Travelling is fun, thrilling and enjoyable in so many levels. Everyone should make the time and effort to travel. Not only does it gives you a lifetime of memories, but it also allows you to grow as a person. If there is anything better than travelling, it can be solo travelling.
Going solo has become popular. In fact, around 42% of international travelers alone. I traveled solo last year and if there is one word that I could describe my experience, it would be liberating.
Liberating in a way that you are not bounded by anyone or anything. You hold your own time. You follow your own rules. There is no single person around who knows you and you have a chance to present a brand new version of yourself. Maybe that is what makes people change after their three month stay in Southeast Asia, or a month in the vast safari in Africa.
If there is any fallout to solo travelling, it would be the susceptibility to boredom, anxiety, and homesickness. Consider them as a hump on a road trip. You feel it, it slows you down but acts more like a safety check. It is like a tap on your shoulder, making sure you are still you and your sanity is intact. They should never be a reason to stop you from travelling solo, after all, there are ways to combat them.
Know Your Comfort Zone
First off, you need to set your comfort zone and determine your triggers. With this, you can prevent anxiety that could overwhelm your system. Being aware of what you are comfortable with and knowing what can trigger stress and anxiety can help you refrain from doing certain activities or being in a certain situation that makes you feel bad.
You can do exposure therapy, where you expose yourself to stressors at your own speed. It will not trigger you but will likely help you develop immunity and in the long run diminish a certain type of trigger.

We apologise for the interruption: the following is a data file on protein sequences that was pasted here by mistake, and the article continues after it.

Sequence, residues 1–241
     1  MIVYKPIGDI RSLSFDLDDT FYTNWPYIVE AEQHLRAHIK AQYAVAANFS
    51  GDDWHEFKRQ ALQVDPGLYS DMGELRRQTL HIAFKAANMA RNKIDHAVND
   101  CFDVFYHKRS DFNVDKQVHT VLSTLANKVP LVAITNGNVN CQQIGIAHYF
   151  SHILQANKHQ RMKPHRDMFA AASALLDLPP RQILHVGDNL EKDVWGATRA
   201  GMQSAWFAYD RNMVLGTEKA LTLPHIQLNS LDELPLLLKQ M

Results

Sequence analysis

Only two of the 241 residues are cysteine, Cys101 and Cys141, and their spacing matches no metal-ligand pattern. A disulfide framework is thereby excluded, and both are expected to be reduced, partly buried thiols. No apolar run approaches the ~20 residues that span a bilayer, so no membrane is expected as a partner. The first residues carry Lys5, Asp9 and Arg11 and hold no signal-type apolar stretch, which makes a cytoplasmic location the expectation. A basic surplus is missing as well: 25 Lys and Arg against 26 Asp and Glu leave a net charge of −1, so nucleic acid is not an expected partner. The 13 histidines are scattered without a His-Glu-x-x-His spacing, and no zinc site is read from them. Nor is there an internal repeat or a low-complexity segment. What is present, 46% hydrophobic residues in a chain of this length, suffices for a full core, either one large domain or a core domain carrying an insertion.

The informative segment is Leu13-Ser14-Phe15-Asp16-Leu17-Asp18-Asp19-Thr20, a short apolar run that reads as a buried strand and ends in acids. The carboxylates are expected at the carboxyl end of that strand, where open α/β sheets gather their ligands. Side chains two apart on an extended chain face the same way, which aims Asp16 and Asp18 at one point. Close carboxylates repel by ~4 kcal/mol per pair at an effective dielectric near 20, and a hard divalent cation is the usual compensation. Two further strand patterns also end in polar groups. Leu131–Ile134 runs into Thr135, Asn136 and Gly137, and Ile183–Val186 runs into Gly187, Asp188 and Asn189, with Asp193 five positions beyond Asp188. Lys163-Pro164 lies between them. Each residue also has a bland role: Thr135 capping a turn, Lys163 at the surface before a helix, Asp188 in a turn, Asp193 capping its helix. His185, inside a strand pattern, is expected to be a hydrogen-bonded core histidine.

Travelling solo is fun and adventurous but that does not mean you are not susceptible to loneliness. When you are alone for too long in a strange place, you will likely feel bored and even homesick. In order to prevent this, you can join group tours.
Joining tours is not only a convenient way for sightseeing, but also socializing as it allows you to meet people and have someone to talk to. In addition, there will likely be solo travelers in the group. Meaning someone you can have a conversation with and be on the same page.
Tours are a great way to engage in activities you probably wouldn’t before. Deep sea fishing and hiking activities are best done in a group setting.
Talk To Locals
Being in a foreign country and basking in their culture, beauty, food, and tradition is fun, but if you haven’t talked to the locals yet it could feel isolating and alienating. Talking to other travelers in your hotel or hostel is one thing, but taking time to have chats and conversation with the locals is immersive. It will be like a fresh breath of air; something you need from time to time.
Check With The People Back Home
Just because you want to take a break from your norm does not mean you will totally block it out, talking to people back at home is a great way to keep you sane and prevent loneliness. Nothing beats the comfort of home, so set a time to give your family a call, a text or a video call.
This will help you feel safe, connected, and even encouraged. You will feel encouraged because you will hear how delighted they are that you are spreading your wings and creating your very own footprint.
Experience Everything A Place Has To Offer
When the travelling blues hit you, it is easy to just lay on your bed, go through your social media timeline, or stay in your room. But at the end of the day, you feel unaccomplished and have some missed opportunity, and when you dwell on that, you will get sadder and depress. Instead of letting it get the best of you, try to make the most out of everything.
Do something out of your norm, explore things and streets outside of your itinerary. Travelling, after all, is about experiences and memories.
*This is a contributed post.